Flash Gordon is an American football hero who is skyjacked aboard Dr. Hans Zarkov's rocketship along with his beautiful girlfriend Dale Arden. The threesome are drawn into the influence of the planet Mongo, ruled by Emperor Ming the Merciless. The evil Ming has been testing Earth with unnatural disasters, and deeming our world a threat to his rule. He also intends to take Dale as his concubine, attempts to execute Flash and intends to destroy Earth. Flash must avoid the amorous attentions of Ming's daughter, and unite the warring kingdoms of Mongo to rescue Dale and save our world. Written by
David Thiel <email@example.com>
Richard O'Brien found the whole experience of making the film tedious. He did, however, get a lot of pleasure from sitting in the personalized chairs of the principals. His impish behavior wasn't curbed at all. He knew Mike Hodges very well, much to the consternation of the stars, who regularly complained about him on-set. See more »
At the very beginning of the film, Ming and his henchman are discussing "an obscure body in the SK system", which the inhabitants refer to as the planet "Earth", pronounced as if the word is completely foreign to them. However, at that moment, Ming activates a button on his console labeled "Earth Quake". See more »
The Emperor Ming:
Klytus, I'm bored. What play thing can you offer me today?
An obscure body in the S-K System, Your Majesty. The inhabitants refer to it as the planet... Earth.
The Emperor Ming:
How peaceful it looks.
[He activates a console, and watches as earthquakes, floods, etc. start to occur. They both get a good laugh out of it]
Most effective, Your Majesty! Will you destroy this, er, Earth?
The Emperor Ming:
Later. I like to play with thing a while... before annihilation.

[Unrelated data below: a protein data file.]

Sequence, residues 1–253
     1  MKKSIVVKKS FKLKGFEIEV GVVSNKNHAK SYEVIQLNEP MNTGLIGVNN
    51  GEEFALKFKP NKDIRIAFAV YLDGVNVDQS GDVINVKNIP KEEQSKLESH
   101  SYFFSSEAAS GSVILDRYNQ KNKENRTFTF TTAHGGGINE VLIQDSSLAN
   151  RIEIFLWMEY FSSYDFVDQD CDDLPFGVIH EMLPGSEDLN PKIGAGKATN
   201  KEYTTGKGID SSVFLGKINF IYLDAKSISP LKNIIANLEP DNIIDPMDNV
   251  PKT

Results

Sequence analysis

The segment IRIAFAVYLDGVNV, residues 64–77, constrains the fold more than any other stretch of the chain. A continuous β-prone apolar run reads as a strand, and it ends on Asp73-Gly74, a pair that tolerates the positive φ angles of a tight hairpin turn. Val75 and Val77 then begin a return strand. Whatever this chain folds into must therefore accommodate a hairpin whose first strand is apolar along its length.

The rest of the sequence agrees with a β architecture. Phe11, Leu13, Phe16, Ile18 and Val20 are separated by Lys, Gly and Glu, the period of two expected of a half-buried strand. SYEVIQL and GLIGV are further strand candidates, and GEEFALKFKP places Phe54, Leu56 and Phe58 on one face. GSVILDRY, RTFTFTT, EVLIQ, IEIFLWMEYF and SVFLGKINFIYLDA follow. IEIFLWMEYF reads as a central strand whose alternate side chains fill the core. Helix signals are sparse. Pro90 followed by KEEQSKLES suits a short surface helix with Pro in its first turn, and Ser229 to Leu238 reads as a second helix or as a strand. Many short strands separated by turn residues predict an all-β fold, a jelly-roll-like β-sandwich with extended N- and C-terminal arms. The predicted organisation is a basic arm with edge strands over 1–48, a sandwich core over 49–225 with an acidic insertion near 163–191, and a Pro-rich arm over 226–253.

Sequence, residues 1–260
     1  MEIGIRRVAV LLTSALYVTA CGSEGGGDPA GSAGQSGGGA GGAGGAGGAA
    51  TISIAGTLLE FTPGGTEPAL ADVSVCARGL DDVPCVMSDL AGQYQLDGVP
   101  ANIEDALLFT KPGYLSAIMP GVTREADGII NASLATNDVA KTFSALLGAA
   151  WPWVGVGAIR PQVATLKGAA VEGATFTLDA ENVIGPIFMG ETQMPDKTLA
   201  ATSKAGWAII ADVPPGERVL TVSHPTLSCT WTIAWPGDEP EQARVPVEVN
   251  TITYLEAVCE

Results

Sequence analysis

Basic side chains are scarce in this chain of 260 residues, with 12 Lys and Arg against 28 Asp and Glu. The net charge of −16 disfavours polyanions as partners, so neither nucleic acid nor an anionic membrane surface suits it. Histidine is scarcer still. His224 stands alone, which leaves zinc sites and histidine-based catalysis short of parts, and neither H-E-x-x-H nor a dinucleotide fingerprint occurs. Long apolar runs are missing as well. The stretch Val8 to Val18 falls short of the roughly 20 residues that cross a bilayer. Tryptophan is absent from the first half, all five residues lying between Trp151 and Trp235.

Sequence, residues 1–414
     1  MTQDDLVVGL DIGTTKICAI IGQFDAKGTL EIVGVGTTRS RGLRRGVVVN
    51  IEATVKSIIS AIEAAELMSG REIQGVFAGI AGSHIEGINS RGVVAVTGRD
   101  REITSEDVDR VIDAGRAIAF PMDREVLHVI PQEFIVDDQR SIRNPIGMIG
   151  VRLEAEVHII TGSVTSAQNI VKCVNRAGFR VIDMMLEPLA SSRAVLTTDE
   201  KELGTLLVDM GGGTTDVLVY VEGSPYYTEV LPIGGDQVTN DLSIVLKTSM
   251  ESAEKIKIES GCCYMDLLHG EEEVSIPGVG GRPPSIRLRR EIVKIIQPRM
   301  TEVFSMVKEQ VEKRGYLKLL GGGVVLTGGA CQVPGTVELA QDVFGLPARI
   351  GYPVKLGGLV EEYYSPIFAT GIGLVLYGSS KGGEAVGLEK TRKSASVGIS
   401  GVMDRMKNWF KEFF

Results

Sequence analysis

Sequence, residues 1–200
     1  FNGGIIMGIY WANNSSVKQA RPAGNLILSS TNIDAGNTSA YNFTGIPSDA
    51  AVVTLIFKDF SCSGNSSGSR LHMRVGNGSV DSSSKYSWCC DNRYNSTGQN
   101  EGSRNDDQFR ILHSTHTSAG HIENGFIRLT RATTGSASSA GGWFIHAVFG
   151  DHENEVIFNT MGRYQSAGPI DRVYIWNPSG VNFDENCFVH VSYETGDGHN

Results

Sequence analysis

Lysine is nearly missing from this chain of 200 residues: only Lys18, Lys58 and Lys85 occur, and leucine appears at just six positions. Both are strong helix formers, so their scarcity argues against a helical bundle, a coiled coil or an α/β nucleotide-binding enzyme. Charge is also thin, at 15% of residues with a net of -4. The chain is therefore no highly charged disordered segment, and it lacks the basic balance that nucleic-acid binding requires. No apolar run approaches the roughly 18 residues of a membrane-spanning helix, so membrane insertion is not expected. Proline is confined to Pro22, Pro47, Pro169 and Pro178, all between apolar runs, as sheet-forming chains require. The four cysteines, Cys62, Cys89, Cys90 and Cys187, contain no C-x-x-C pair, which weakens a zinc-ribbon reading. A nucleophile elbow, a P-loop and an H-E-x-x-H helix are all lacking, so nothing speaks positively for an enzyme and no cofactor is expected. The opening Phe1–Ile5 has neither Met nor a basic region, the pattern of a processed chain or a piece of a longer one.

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The opening credits are being played along with various clips of the original comic book strips, along with drawings of character models, all accompanied by the trademark song "Flash" by Queen. See more »
Flash Gordon is one of the most perfectly realized films De Laurentiis made, and it is disappointing that so few have recognized it for what it is; a 1930's comic strip brought perfectly to life. The fact that it is so accurate a realization of America's hopes and fears during the 1930's may help to explain why it has been dismissed so readily as, at best, mere camp, and at worst, a vulgar cinematic catastrophe: Today's audiences are too removed from that decade to catch the references. A classic example of America's view of Asia during the 1930's can be found in Dale Arden's confrontation with Princess Aura just prior to her wedding to Ming. Aura is trying to convince Dale to slip a poison into Ming's "Power Potion" but Dale tells Aura she can't because she's given Ming her word to "try to be a good wife if [Ming] would spare Zarkov and Baron. He vowed he would." Aura, shocked at her naiveté, shouts, "My father has never kept a vow in his life!" To which Dale responds, "I can't help that Aura. Keeping our word is one of the things that make us better than you." Flash Gordon is filled with this type of wonderful 1930's fun, and this fun is only enhanced by the decision to use bad actors in roles that would only benefit from the lack of skill, as well as Oscar-caliber actors in the most demanding roles. Max Von Sydow is an obvious example of the latter, but the hidden gems come in the form of Mariangela Melato, Brian Blessed, and Ornella Muti. Melato does an outstanding job as Klytus's reptilian, but beautiful, second in command when she flawlessly delivers lines like, "Confess, and we won't hurt you anymore.
We don't like doing this at all!" And Ornella Muti is simply unbelievable as Ming's gorgeous but deadly daughter. Replying to Flash's query as to whether he can use the telepathy machine to contact Dale with a perfectly candid, "If I showed you how. But I'm not going to." Add to these amazing actors the costumes and sets that are obvious homages to the original comic's drawings and you have a movie that is as surprising as it is delightful. Enjoy!
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